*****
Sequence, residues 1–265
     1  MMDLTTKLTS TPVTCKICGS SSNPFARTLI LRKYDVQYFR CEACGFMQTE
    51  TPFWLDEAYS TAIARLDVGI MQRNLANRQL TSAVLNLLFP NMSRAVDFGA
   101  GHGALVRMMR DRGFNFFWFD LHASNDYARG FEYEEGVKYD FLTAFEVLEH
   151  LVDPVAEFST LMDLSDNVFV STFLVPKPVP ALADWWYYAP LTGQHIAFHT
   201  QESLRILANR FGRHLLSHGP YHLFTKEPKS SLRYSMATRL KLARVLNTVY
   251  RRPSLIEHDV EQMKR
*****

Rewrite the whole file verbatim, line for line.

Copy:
Sequence, residues 1–265
     1  MMDLTTKLTS TPVTCKICGS SSNPFARTLI LRKYDVQYFR CEACGFMQTE
    51  TPFWLDEAYS TAIARLDVGI MQRNLANRQL TSAVLNLLFP NMSRAVDFGA
   101  GHGALVRMMR DRGFNFFWFD LHASNDYARG FEYEEGVKYD FLTAFEVLEH
   151  LVDPVAEFST LMDLSDNVFV STFLVPKPVP ALADWWYYAP LTGQHIAFHT
   201  QESLRILANR FGRHLLSHGP YHLFTKEPKS SLRYSMATRL KLARVLNTVY
   251  RRPSLIEHDV EQMKR